Smart Little Piggies use Bricks and Mortar


With the latest report from A.T. Kearney on Recasting the Retail Store in Today’s Omnichannel World, I am seeing an acceleration of studies that confirm the importance of brick and mortar retail. The stats are clear and confirm more than surprise… 92% of retail sales still come from stores. Another popular form of evidence that retail is alive and well is that the pure-play online retailers are opening bricks and mortar locations or pop-up stores. Why are all of these articles striving to defend retail stores? As I read this report and others like it, why do I feel like they are telling me what the weather is like when I can just look out my window? We shop because stores meet needs that ecommerce cannot. If we could get all our nutrition from a magic pill wouldn’t we still enjoy eating?

In my view the problem with bricks and mortar retail isn’t the Internet, it’s the neglect of the asset.

Traditional retailers only have so much capital, and pressure from Wall Street to show growth is enormous. Stores as a point of distribution are costly. Stores are expensive to design, build, maintain, and staff. They also are expensive to refresh. For the past several years, IT, ecommerce, digital loyalty programs, and now omnichannel activity have won the battle for capital in the boardroom. Investors want to see retailers embracing the mobile/digital shopper and the ecommerce channel. And “digital” spending is propelled by its own arms race, and no retailer wants to be left behind. As retailers spend on these initiatives they become ongoing budget requirements that didn’t exist a decade ago. In many cases they do not generate the revenue to be self-sustaining, so they dilute the capital that used to be spent on stores. In other cases they are exciting innovations that keep a retailer relevant. Meanwhile the stores provide the majority of revenue.

Case in point: Near the end of the last decade I was involved in selling a major rebranding initiative to Sears. The goal was to give them a new reason for being, a new proposition, and a renewed relevancy that would ultimately impact the store experience. Understandably this is a perennial problem at Sears and Branding is only one aspect of the fix. We were convincing and won the business against formidable competition…but the project never started. It was determined by the C-Suite that the investment wasn’t worth it, and that their Shop-your-way loyalty program was the best way out of their troubles. Meanwhile the Sears stores continue to be stuck in the past and a festering burden on their relevance.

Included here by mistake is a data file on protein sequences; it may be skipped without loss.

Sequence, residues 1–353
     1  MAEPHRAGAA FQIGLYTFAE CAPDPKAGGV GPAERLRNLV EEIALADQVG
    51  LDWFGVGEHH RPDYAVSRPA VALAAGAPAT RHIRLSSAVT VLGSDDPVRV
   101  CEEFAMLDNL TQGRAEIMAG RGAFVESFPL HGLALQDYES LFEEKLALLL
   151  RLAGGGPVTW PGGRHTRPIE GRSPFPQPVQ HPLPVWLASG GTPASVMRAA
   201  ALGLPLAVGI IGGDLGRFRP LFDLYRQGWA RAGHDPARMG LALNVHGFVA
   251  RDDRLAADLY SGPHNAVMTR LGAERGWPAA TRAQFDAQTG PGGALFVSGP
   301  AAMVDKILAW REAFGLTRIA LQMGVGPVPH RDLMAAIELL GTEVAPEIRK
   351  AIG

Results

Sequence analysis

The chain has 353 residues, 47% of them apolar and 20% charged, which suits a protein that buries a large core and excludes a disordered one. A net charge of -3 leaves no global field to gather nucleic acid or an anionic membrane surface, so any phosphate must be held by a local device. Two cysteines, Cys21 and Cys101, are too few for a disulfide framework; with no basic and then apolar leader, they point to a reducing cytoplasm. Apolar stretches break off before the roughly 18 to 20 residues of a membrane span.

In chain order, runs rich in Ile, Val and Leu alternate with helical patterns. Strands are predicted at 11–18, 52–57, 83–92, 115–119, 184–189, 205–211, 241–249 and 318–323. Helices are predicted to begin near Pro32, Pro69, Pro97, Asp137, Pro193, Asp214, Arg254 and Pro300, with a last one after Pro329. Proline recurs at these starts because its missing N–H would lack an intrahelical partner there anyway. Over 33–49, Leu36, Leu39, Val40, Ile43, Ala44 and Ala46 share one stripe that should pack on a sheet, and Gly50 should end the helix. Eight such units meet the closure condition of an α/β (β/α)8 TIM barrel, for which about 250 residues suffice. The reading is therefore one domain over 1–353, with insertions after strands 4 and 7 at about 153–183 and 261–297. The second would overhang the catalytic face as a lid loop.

This spending on non-bricks and mortar initiatives is not wasteful; in fact it is transforming retail for the better if you are a shopper. But it is not good business to neglect the store experience, as indicated by the evidence presented in these A.T. Kearney style reports. Understanding the way consumers want to shop and being there for them is still central to great retail. The issue is that the spending on these healthy distractions has caused a neglect of the “traditional aspects” of the shopping experience that are delivered by the physical store. And the longer retailers take to invest in remodeling the more expensive it will be.

I like the A.T. Kearney report because it encourages retailers to re-evaluate the role of the physical store. At some point the seamless omnichannel experience will reach a plateau, or at least a consistent budget requirement, so that adequate innovation dollars will move back into bricks and mortar. Retailers would be wise to not wait too long. After all, remember that bricks and mortar are what gave the smart little piggy the power to keep out the big bad wolf.

Bill Chidley is a Partner and Co-Founder at ChangeUp. Creating Innovating Experiences that Drive Growth.


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